Mon, Dec 17, 2018 - Page 7 News List

Women, work and how a rickshaw revolution could help India

By Kasturi GVL

To solve women’s urban mobility challenges, a completely reimagined vehicle is needed, one that is electric, shared, safe and “smart.”

Indian women’s travel is characterized by “trip chaining.” They make shorter and more frequent trips than men, and their trips often involve more stops, to run errands, shop, pick up children from school and so forth.

This increases their dependency on first and last-mile transportation. However, most rickshaws operating in India today are unorganized and ply only the busiest, most lucrative routes.

With the right innovations in technology and policy, order can be brought to the scattershot nature of India’s auto-rickshaw fleet and bridge the demand-supply gap.

For example, ride-hailing apps and booking platforms could efficiently match rider demand with rickshaw supply, as would well-orchestrated feeder services to bus and rail networks. Policies that encourage ride sharing could multiply fleet capacity.

In terms of safety, it is necessary to consider both accidents and crime or harassment. For starters, nearly 40 percent of all accidents involving these vehicles cause them to topple, and a study in Delhi found that 51 percent of women had faced some form of harassment while using public transport, and 42 percent while waiting for it.

Innovations in accident prevention systems and other technologies are needed to make such technologies a feature of low-cost three-wheelers. Technology could also help connect transportation nodes and vehicles to police and medical systems, substantially reducing the response times for emergency services.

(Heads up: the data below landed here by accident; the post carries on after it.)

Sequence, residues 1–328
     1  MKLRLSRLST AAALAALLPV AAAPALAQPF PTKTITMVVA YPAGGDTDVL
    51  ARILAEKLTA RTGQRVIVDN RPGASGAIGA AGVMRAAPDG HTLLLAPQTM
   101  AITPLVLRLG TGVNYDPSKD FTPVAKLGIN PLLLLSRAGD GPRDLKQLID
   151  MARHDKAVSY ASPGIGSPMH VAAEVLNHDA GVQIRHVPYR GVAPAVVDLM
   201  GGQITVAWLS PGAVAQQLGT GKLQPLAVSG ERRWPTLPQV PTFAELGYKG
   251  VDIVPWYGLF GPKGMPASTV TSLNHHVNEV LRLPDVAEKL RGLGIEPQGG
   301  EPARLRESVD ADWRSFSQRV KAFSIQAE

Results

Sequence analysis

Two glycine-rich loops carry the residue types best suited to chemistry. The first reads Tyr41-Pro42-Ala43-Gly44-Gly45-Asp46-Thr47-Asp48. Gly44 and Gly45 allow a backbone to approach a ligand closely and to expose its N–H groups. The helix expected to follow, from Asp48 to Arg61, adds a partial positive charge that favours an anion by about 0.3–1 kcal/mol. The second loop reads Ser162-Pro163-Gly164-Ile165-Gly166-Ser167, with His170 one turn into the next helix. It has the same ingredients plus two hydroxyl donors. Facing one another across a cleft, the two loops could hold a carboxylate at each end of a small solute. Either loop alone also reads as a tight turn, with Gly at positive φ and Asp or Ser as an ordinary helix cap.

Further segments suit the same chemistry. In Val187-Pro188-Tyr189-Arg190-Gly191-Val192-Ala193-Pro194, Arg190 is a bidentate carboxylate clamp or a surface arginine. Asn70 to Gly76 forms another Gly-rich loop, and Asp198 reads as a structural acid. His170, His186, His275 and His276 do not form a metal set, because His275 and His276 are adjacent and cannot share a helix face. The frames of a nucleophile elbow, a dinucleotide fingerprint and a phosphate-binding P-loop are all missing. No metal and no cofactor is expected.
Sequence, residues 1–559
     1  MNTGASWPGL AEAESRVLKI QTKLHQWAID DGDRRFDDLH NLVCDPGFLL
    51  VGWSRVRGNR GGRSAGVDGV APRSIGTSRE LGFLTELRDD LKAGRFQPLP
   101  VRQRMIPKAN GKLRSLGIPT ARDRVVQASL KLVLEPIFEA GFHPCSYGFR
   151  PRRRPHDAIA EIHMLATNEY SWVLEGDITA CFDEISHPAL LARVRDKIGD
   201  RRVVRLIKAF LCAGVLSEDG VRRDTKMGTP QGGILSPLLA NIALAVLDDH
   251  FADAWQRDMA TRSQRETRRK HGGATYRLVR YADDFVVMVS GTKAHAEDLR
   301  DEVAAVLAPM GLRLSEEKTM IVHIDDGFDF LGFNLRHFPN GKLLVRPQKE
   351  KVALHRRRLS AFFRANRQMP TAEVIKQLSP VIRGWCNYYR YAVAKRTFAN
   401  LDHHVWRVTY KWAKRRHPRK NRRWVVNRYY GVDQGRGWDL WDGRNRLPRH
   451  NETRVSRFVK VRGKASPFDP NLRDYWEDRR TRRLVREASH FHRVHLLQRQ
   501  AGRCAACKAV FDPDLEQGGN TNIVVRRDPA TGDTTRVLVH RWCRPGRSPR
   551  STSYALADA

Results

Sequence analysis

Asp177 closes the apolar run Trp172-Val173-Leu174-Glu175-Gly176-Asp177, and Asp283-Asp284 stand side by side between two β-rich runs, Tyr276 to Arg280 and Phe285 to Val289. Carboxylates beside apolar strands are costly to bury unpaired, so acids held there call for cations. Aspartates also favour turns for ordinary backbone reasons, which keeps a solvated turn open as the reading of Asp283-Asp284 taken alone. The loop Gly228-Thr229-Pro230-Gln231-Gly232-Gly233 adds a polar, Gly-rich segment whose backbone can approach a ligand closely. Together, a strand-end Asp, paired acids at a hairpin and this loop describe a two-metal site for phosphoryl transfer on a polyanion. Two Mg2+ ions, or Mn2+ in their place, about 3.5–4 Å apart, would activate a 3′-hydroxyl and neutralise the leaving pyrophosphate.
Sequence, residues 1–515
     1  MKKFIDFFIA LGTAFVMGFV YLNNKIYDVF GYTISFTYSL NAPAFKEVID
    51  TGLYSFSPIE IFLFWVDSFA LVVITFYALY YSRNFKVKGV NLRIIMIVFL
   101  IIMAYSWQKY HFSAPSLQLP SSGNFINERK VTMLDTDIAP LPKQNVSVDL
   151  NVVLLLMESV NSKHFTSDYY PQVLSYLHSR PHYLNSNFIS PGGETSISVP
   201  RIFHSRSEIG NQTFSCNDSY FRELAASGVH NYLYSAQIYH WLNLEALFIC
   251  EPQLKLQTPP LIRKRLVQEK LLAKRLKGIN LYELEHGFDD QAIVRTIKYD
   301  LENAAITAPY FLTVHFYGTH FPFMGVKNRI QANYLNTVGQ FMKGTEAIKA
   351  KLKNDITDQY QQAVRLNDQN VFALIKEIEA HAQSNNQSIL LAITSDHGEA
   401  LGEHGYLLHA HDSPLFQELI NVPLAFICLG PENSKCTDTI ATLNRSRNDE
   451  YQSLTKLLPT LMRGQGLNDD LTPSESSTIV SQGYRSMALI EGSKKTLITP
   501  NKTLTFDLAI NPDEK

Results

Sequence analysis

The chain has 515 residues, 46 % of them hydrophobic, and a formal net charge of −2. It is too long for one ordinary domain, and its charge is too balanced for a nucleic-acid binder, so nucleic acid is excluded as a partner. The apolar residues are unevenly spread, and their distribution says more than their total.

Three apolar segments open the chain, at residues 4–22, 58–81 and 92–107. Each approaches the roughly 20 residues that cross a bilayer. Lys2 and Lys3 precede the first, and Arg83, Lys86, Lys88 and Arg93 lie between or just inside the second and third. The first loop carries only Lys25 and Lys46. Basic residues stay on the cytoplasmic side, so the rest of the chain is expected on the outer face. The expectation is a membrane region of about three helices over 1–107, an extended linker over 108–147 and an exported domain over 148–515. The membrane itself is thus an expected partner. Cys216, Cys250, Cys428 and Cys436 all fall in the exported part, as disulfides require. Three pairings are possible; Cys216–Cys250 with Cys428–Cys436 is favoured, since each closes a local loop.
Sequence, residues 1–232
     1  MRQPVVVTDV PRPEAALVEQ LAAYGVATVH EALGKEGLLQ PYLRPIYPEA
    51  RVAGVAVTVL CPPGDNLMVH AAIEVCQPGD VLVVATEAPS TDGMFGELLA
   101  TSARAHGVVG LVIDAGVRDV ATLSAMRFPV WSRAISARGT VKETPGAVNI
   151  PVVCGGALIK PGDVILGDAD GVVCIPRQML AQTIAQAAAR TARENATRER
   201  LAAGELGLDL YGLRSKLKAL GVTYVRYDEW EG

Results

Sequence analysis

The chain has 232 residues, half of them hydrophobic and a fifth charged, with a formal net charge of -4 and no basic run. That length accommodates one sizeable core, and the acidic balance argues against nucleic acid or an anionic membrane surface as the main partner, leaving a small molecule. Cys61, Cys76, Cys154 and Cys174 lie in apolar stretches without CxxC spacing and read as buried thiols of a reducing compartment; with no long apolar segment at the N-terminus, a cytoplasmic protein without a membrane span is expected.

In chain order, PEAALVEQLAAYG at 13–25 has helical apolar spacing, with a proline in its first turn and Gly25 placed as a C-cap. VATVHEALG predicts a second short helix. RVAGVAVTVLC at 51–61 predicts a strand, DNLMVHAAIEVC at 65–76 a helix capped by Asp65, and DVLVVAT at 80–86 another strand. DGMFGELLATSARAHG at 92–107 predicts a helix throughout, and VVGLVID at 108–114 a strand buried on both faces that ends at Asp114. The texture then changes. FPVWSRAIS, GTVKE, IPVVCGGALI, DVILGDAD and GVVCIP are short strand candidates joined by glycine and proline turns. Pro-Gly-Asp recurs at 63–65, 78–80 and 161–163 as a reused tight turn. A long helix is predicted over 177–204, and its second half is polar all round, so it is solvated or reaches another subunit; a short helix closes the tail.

Safety from crime, on the other hand, needs a connected, smart ecosystem with auto-rickshaws at its heart. Rickshaws equipped with GPS systems could enable passengers to share real-time location data with family or friends.

A mandatory SOS alert system would give passengers and drivers a means to call for help, regardless of whether they were carrying a mobile phone.

Government regulations already require panic buttons in taxis, public buses and other public transport; requiring them for rickshaws is the natural next step.

Last but not least, these reimagined vehicles need to be future-ready. Air pollution is a ticking bomb: 14 of the 15 cities with the world’s highest concentrations of fine particulate matter are in India, underscoring the urgency of switching to low-carbon, battery-powered vehicles.

When women can travel to work conveniently, choosing affordable transportation, without fear of harassment or abuse, India would have arrived. Talented women like Astha would never need to choose between a job they love and a commute they loathe.

Indian women need affordable, safe and reliable options to help them overcome the first-last mile problem. A reimagined rickshaw could be just the ticket.

Kasturi GVL, a One Young World ambassador from India, is associate director at Ola Cabs, a mobility company based in Bengaluru, India.

Copyright: Project Syndicate

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